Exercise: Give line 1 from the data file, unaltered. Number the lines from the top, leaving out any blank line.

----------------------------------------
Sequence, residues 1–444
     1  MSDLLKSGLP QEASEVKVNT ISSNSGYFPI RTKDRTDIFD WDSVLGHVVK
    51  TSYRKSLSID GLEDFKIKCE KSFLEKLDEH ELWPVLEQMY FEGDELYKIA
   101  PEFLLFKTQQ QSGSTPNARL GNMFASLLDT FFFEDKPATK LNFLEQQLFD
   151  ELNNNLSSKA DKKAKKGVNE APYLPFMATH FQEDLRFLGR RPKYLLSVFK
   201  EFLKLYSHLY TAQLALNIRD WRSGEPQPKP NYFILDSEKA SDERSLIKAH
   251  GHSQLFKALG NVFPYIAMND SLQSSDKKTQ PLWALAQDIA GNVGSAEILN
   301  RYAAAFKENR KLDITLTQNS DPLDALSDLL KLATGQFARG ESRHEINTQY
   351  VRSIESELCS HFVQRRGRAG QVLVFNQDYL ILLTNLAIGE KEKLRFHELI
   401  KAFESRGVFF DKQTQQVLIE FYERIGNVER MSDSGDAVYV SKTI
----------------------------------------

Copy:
Sequence, residues 1–444